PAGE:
sunset valediction.jpg

09 September 2016 – And then there’s Delilah. The long drive. To recap: she has been summoned to the family farm by her grandfather, Peter. Who’s in the midst of pulling up stakes to better care for his terminally ill wife, Mary, and needs someone to look after 15-year old Johnny. Things have been strained between Peter and Delilah, mainly due to her life choices and her subsequent absence, yet for the sake of Johnny their differences are set aside. Delilah and Johnny hit the road. The opening leg of their journey is pensive as they figure out how to talk to one another. Delilah has to adjust to the fact that he’s no longer a kid. As for Johnny, foremost on his mind is why she’s been absent for over three years.

To this point the narrative is pretty straightforward. In the notebook however I added a scene that flashed back to the night (and following morning) before setting out to Bridge Farm. While it reveals certain details about Delilah (that she’s recovering from drug and alcohol addictions, may have prostituted herself, and has made preparations to move on), the scene also hints at criminal behaviour (the bag of money) and the possibility that she is on the run—a tangent I won’t be pursuing, if for no other reason than I haven’t the time or the energy to get into it. And really, for the purposes of the story, it’s sufficient to know that Delilah’s past is full of demons and that she has been presented with an opportunity to make good on leaving her old life behind.

The rest is a road story. Pure and simple. The details are in the journey. Nothing else matters. Just Delilah and Johnny getting to their destination. They have their ups and downs. Literally, figuratively. They drive through mountains and lowlands. Have to deal with a flat tire, an overheated radiator, inclement weather, sections of closed highway, a trucker who won’t take no for an answer. There are periods of silence, misunderstanding, impatience, anger, but also the little victories of overcoming these emotional obstacles. Delilah lets Johnny drive. He chooses the movies they watch. They laugh about grandpa’s country ways and how he’ll cope with living in the city. There are tears. Johnny describes Mary’s illness. Delilah shares memories of how things were before their parents died (though the narrative is never to refer to them as such, the presumption is that Johnny and Delilah are siblings). They knock down barriers. Delilah fights to maintain an even keel, to control her urges. Johnny allows himself to accept that Delilah has had a hard go of things, begins to comprehend that she is heading towards a place where she can start fresh. In short, they are stuck with each other (in the van, in motel rooms). This is their situation. They are getting to know one another again. Learning to accept, forgive, trust. This is their journey. The long drive.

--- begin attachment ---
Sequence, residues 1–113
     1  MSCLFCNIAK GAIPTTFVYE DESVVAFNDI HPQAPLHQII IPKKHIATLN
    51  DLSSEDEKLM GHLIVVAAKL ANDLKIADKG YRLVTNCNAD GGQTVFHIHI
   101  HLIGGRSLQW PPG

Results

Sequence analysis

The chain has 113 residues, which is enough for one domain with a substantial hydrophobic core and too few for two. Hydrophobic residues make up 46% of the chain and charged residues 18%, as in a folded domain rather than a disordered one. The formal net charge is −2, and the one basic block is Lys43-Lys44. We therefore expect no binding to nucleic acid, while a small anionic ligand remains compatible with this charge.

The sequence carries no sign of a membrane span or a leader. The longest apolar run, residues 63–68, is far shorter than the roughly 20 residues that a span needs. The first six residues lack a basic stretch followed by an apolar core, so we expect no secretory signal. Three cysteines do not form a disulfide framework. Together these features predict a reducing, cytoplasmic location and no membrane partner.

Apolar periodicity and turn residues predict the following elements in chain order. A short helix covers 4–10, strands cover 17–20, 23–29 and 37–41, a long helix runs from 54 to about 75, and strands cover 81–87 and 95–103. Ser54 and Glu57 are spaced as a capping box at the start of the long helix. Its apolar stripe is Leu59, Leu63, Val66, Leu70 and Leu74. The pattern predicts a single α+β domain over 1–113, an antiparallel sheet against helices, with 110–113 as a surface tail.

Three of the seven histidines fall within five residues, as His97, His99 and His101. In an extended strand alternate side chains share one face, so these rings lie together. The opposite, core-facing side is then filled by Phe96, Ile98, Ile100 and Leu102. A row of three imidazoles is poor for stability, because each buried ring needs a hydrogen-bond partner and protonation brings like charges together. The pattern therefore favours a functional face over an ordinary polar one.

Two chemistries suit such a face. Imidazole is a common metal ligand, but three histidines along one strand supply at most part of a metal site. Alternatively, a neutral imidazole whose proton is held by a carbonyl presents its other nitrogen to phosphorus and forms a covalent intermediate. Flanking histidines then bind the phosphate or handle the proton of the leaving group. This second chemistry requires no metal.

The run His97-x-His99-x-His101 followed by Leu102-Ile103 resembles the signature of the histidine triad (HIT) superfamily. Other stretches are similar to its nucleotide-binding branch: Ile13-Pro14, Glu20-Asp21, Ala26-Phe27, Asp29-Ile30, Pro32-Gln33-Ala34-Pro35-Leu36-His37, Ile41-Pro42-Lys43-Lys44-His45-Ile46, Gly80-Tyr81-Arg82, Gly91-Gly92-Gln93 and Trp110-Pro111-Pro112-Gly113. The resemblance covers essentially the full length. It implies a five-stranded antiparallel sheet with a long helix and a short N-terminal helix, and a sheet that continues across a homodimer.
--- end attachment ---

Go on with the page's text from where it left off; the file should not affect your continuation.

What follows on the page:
So far as I’ve sketched the scenes, the story doesn’t end at their destination (an addictions recovery centre on ‘The Island’, where Delilah will be given room and board while being taught how to assist those in need). The conclusion happens on a ferry. They are on the upper deck. Facing the island—still distant but visible and becoming more distinct. They have been on the road about a week. It is windy. A little chilly. The sun is beginning to set. Over the island are clear skies. Behind them dark clouds obscure the distance to the mainland they can no longer see. Delilah puts her arm around Johnny. There is a deep silence. She is about to say something. Johnny looks at her. Says, ‘It’s okay, I know…mom.’ He puts his arm around her shoulders. They both smile and look at the setting sun.

A Road Story. Should I ever get around to revisiting Delilah and Johnny at least I’ll have a working title.

Griffin is off to get us take out. (We embark tomorrow morning.) The house is quiet. I have plenty of time. The envelop and the candle are ready. I can’t think of anything more to add—save a quiet wonder after who, if anyone, will break the seal.

The moment has arrived.

Your everloving sister,



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